August 1996, Series Romance
Harl Love and Laughter #4, $3.50, Amazon ASIN 0373440049
There are really three lead characters in Jennifer Crusie's Anyone But
You - Alex, the 30-year-old doctor with a
penchant for Daffy Duck shorts, Nina, the 40-year-old divorcee who left her
first husband because she no longer wanted to be
a "Country Club Wife," and Fred, the sad-eyed, bad-breathed, Oreo-chomping
dog who brings them together. With this trio,
author Crusie created such an hilarious and sexy romance that it won
Favorite Funny in my
1996 Reader Awards, and honorable mention for
Favorite Romance, Favorite
Heroine and Favorite Couple. I've read and enjoyed a couple of
other series romances by Crusie, but, until this
weekend, never found the right time to take this one off my TBR shelves.
Well, the time was finally right, and Anyone
But You lived up to my expectations.
When Nina Askew rescued Fred from the animal shelter, he wasn't exactly the
perky pup she was looking for. But since
they were getting ready to serve him his last meal, what choice did she have? Yes, he smelled bad, yes, he sagged in all
the wrong places, and yes, he didn't look as grateful as he should have, but
Fred gave Nina what she was looking for -
When Nina meets Alex Moore, he's returning Fred to her apartment from his
own the floor below. See, Nina's taught
Fred to take the fire escape down to the back yard to do his business, and
he got confused on how many flights to climb in
order to return to her apartment. Naturally Alex finds this interesting, as
he does the adorable-looking Nina. In return,
Nina sees a gorgeous young hunk, and wrongly assumes there aren't brains
behind his brawn.
While each feels drawn to the other, neither is able to act on their
feelings, even when Nina realizes Alex is no himbo.
She's convinced she's too old for him and he's sure she thinks he's not
responsible enough. Even with advice from his
brother Max, her friend Charity, and a nosey neighbor who's 75, but doesn't
a day over 60, and has her own younger
man, these two can't seem to get together until, one day, they finally do.
The love scene that results is a combination of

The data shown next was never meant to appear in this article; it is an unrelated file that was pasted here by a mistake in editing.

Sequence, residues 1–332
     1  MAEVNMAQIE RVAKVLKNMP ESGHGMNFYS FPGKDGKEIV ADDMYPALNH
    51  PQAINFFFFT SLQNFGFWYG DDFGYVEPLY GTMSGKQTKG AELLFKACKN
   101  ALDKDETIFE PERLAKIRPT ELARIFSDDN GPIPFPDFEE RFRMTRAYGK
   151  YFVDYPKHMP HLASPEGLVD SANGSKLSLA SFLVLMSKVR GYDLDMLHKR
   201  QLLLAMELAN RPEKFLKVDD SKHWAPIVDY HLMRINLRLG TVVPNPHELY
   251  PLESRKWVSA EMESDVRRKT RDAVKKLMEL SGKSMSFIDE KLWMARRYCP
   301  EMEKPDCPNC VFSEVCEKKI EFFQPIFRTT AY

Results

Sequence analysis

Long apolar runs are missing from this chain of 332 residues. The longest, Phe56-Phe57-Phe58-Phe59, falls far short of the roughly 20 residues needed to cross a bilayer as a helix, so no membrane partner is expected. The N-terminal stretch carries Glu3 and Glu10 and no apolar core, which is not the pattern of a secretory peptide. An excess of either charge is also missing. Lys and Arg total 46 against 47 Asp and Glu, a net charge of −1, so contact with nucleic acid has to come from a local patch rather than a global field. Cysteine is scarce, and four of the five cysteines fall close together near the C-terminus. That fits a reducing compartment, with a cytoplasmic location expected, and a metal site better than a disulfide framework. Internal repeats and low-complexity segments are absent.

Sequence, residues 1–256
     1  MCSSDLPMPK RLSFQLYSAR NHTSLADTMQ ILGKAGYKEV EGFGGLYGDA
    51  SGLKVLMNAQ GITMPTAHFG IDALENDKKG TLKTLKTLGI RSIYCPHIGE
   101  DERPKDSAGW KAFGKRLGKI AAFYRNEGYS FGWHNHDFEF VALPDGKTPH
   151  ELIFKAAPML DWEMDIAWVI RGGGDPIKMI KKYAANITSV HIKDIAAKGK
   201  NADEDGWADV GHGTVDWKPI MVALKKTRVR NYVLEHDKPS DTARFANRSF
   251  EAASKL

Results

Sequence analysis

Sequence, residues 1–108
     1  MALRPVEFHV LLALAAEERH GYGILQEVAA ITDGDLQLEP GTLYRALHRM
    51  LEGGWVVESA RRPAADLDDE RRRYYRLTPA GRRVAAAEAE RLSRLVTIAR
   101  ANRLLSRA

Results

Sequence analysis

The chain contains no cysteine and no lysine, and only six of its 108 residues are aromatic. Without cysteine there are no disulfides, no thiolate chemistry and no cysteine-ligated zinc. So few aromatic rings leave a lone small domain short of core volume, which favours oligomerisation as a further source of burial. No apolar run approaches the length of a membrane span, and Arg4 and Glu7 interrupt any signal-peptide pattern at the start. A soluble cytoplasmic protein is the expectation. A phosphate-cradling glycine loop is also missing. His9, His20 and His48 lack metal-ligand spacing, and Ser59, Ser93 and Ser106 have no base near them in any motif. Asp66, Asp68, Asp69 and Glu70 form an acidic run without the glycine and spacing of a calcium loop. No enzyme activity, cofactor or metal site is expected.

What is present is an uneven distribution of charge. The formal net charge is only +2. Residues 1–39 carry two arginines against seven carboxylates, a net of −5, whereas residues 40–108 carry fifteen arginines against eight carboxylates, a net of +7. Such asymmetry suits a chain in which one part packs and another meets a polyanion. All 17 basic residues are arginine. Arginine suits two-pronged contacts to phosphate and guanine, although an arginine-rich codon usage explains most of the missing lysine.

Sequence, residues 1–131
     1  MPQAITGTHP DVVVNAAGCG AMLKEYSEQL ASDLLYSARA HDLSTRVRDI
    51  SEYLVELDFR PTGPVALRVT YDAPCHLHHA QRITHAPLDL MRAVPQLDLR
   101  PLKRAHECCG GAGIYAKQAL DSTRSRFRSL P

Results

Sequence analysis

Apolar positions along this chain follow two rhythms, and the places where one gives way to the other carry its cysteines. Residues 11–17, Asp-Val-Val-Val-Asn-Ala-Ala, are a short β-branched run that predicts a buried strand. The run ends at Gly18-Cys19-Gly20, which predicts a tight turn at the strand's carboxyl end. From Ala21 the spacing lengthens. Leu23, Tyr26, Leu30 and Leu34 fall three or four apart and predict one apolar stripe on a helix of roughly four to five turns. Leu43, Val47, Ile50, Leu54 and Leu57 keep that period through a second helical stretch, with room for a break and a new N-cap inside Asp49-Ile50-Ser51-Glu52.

great sensuality and wonderful wit. Wouldn't you love a man who, after
you've explained you want to keep your bra on
because "everything's lower than it used to be," simply responds, "I
don't care if it's on the floor."?
The secondary characters are well-drawn; Max, in particular, is a strong
foil for Alex both in comedy and pathos. I wish
Max could get his own romance, but now that Crusie has moved onto hardbacks,
it seems unlikely. Charity rounds out
the book as well, particularly when she goads Nina - even though her own
love life has been such a disaster she's writing
a book about it.
There are some small things that bothered me somewhat. As someone with pets, I found it somewhat disconcerting that
Fred was allowed in the room while Nina and Alex were making love. Yes, the
author turned it into a joke, but I always
make sure my husband and I are alone when things turn amorous in our house -
I just don't want my cats watching us.
Too, it seemed a bit silly that Alex would assume Nina wanted a return to
her old life as a trophy wife. It seemed fairly
obvious that Nina did everything she could to get as far away from that life
as possible, including turning her husband
down in Alex's presence when he asked her to come back to him.
On the other hand, reading about characters who truly liked
one another was such a treat, especially in
that the author was able to maintain such a high level of sexual tension.
Less talented authors often sacrifice sexual
tension for friendship; Crusie never does. And, Nina's insecurities about
her body and her age were handled with a deft
touch. The older-woman/younger-man scenario was never an issue for this
reader and the theme of unconditional love
and how Nina and Alex worked it out was rendered so well that I wish Crusie
were still writing these shorter books so I
could read them more often.
Her books are very difficult to come by, but if you ever come across this
one or have it in your tbr pile, snatch it up and give it a
try! And if you haven't re-read it since its release, you may want to give
it a second go-round; it's one of those books that can
be read more than once.
-- Laurie Likes Books
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